But, trite as it sounds, life must go on. The need for democracy has never been greater, and the imperative to keep doing what we do is an absolute. We should still go to concerts and football matches, street markets and supermarkets, the theatre and the park. When we are paralysed by the fear of what might happen, the evil of the terrorists has done its work.

So, at what seems an awkward time to encourage people to get out and celebrate our beautiful region and the creativity of its people , that’s what we are doing.

It’s festival time. Bath’s new look festival, combining the music and literature festivals, has started and there are lots of exciting and unique events. And the city’s vibrant Fringe Festival brings some of the best street theatre and music to the city.

Open For Art, the open studios event in Dorchester, Weymouth and Portland, runs to 4th June.

Salisbury’s international arts festival, one of the most varied in the country, begins this coming weekend, as does Wells Comedy Festival and one of the region’s biggest open studio events, the Wylye Valley Art Trail.

The late May bank holiday weekend also includes Lyme Regis Jazz and Blues Festival.

Chalke Valley History Festival, one of the world’s biggest events dedicated to every aspect of history – from the archaeology beneath our feet to wartime planes in the skies above – is back for the seventh year, at a new venue.

Among the outstanding productions at the theatre, we urge you to get to Bristol Old Vic to see the re-imagining of Euripides’ Medea. This story as old as time gets a shocking and profound contemporary reworking.

Bridport’s first community opera, Flea, is on at the Electric Palace this week – it sounds huge fun and we’re looking forward to seeing it at the weekend.

We have an interview with Marta Fontanals Simmons, the brilliant young mezzo from Castle Cary, who makes her debut as Cherubino in The Marriage of Figaro at Garsington Opera, one of the best of the country house opera festivals.

Finally, we’ve been doing some judging for the Great Taste Awards, run by the Guild of Fine Food (which is based at Gillingham in Dorset). So we end with a spirited offering – our new Nine Things, later this week, is a list of some of the region’s best distilleries, most of them small batch, artisan businesses that are putting flavour and passion back into gin and other spirits. Enjoy!

Keep in touch – you can email us at with news and previews, and check out The Fine Times Recorder for regional arts, food and environmental news, travel and more.

Fanny Charles, Editor,
The Fine Times Recorder

There is a permanent link to the Fine Times Recorder on our “Blogroll”.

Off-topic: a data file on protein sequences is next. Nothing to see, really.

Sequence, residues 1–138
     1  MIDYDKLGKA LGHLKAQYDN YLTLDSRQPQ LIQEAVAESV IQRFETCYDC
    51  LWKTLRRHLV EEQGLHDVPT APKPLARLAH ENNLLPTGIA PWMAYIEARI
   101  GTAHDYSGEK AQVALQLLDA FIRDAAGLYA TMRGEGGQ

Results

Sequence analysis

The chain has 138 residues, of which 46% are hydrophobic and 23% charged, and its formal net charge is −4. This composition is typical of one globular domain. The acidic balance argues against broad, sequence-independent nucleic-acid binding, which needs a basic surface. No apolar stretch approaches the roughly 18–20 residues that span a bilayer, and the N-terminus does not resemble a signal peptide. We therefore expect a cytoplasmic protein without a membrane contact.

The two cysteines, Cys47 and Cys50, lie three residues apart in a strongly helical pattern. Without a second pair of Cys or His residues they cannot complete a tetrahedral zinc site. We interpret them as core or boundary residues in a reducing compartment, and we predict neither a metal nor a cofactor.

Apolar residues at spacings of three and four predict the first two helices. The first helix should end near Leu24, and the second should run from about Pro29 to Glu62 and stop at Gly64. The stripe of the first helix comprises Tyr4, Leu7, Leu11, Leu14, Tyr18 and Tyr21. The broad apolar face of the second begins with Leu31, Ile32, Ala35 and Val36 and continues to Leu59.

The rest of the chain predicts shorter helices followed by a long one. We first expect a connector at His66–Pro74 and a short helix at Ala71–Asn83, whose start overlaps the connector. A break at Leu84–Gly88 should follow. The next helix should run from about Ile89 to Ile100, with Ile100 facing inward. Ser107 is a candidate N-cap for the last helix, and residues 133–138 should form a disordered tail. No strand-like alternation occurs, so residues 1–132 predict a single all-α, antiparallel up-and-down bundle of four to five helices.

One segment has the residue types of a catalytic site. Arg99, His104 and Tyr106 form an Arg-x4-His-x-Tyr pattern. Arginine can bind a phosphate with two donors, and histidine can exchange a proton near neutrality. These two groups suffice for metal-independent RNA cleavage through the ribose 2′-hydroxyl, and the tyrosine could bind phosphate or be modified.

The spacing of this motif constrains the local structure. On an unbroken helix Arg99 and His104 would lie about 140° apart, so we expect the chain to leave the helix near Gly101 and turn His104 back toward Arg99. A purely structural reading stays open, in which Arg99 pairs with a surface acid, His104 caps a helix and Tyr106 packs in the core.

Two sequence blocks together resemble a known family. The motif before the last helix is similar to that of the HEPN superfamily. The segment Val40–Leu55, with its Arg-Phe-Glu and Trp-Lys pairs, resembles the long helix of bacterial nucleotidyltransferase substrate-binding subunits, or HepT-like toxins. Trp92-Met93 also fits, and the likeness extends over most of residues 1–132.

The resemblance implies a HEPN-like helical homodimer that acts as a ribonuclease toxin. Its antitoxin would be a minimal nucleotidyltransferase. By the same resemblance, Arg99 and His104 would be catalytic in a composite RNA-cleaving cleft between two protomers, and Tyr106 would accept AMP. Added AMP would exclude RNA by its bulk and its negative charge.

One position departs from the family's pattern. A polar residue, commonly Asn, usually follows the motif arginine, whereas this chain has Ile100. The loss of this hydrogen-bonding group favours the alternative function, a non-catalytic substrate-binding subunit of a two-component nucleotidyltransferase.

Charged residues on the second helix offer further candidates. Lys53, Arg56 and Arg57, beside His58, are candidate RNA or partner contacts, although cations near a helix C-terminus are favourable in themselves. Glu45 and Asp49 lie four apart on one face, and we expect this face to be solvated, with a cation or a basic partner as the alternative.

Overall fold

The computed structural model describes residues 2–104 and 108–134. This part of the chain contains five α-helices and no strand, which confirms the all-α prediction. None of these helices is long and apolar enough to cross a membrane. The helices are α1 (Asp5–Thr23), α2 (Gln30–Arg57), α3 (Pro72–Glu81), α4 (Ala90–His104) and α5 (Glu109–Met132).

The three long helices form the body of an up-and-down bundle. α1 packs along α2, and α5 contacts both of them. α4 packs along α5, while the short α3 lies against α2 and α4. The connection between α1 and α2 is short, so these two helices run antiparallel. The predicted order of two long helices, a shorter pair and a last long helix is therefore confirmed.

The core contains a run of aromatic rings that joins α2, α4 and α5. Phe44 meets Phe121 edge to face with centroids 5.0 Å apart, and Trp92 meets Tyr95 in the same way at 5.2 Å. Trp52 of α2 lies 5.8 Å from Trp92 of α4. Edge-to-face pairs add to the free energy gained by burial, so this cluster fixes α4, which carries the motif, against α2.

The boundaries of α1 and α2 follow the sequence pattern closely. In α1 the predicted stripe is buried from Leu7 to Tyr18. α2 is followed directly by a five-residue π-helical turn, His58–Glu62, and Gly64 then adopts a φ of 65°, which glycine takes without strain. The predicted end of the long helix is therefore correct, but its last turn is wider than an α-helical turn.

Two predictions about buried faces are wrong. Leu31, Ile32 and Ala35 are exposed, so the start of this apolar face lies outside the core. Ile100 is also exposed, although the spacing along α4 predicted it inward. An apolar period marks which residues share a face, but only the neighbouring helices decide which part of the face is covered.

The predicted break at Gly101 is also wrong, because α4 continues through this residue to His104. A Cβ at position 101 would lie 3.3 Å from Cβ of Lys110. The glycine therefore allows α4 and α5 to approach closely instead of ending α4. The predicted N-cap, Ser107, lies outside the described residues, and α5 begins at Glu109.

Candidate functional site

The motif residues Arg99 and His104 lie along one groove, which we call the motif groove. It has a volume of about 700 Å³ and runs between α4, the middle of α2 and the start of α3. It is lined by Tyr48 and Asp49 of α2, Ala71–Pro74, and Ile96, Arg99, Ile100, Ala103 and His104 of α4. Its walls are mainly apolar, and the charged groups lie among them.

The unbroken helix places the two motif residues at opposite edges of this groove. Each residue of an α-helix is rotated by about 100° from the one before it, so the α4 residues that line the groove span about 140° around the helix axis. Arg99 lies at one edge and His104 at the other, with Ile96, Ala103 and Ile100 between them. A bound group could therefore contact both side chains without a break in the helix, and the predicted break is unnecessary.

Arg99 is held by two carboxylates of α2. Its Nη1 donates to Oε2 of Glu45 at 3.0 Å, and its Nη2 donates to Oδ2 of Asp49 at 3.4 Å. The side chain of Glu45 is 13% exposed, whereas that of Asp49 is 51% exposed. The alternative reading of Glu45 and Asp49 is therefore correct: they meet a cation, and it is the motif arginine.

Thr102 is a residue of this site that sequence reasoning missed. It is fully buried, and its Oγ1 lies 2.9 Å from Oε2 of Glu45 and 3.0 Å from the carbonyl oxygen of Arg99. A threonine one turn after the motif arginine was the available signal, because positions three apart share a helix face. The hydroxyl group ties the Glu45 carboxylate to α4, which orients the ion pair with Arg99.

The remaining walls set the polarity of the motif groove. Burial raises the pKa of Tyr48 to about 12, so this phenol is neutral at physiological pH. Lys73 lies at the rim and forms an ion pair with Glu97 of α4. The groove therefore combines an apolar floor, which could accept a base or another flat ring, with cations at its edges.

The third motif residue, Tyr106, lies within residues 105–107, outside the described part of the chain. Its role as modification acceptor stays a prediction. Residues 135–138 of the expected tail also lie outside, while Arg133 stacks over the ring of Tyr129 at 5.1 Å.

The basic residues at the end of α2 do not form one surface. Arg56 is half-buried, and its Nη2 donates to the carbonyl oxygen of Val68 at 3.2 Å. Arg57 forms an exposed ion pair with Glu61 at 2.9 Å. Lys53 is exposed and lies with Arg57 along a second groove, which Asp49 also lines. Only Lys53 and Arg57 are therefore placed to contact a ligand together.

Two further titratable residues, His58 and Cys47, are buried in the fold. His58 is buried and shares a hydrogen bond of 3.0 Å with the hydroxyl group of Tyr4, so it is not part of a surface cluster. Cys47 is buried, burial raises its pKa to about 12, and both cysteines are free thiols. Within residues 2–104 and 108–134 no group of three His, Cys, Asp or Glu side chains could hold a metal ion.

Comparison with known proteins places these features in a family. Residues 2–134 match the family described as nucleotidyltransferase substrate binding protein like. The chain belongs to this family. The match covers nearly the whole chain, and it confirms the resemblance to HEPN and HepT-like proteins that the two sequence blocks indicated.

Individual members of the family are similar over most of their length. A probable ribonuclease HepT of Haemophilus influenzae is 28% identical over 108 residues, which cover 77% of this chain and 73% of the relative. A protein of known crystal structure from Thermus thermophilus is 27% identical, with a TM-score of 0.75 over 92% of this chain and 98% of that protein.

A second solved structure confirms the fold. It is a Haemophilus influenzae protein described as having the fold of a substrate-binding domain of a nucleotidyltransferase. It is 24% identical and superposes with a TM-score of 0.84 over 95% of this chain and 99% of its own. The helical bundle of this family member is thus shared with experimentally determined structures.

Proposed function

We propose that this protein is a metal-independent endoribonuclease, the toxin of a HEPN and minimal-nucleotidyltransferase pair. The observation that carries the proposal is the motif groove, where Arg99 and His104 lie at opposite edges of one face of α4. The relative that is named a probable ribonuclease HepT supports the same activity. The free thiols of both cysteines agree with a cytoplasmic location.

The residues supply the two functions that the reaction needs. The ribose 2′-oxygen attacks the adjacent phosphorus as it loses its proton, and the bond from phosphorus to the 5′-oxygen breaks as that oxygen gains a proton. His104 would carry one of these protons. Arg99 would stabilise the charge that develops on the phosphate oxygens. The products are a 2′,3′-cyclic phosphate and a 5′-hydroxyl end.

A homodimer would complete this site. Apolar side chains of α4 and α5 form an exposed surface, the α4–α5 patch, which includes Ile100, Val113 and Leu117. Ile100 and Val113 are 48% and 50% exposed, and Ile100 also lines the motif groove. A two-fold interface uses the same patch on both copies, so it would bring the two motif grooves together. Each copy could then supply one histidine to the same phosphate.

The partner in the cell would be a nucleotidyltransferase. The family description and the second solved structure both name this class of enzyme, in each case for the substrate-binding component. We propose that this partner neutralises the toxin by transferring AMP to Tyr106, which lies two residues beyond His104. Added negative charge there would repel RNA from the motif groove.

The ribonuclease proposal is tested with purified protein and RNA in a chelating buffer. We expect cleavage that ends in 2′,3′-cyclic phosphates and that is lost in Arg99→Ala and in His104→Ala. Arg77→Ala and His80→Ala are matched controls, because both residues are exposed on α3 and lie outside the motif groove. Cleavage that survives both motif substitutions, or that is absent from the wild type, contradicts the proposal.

You can also subscribe to receive their regular newsletters – Ed

Pub quiz is back

Was it a co-incidence? A sign announcing “Pub Quiz Bank Holiday Sunday” appeared at the entrance to the village a few hours after the Blog’s lament that The Half Moon seems to have dropped the traditional Bank Holiday Quiz. Certainly there was nothing at the New Year or Easter.

But now, it seems, the quiz is back, and will be welcomed by the many local teams who vie with each other for the coveted winners title. Let’s hope Andrew continues to allow us to exercise our brains at Bank holiday time. It will round off the cricket nicely.

Pub Quiz
8.00 pm
Bank Holiday Sunday
Teams of 4-ish.

Horsington gears up for annual cricket battle – Cancelled

This game has been cancelled.

The cricket season looms. Pads and boots are being whitened, trousers pressed and bats oiled. Yes, it’s time for Horsington’s annual match against the famous Tabard Pilgrims, a pub touring side from Chiswick, West London, the former home of at least two Horsington residents.

The match takes place on Bank Holiday Sunday, starting at 2 pm, at the cricket ground next to the village hall.

Horsington’s captain Christian Bennett has selected a team he believes can trounce the London invaders. His side features a number of erstwhile hockey players, so we should see some big hitters. Charlie Mann, with his “interesting” bowling action is in the team, along with Nick Mattravers and the two Lane brothers.

Horsington has won only one game out of the series, now in its seventh year. Will 2017 be the year the tables are turned?

Any  cricketers seeking a game should contact Andrew Tarling at the Half Moon to see if there are any vacancies to fill – on either side.

Spectators are very welcome. The match always attracts a good crowd, and a thrilling finish is usually guaranteed. This is relaxed, informal village cricket at its best.

There will be the usual post match gathering, with food and a pub quiz at the Half Moon.  Get a team together and join the fun.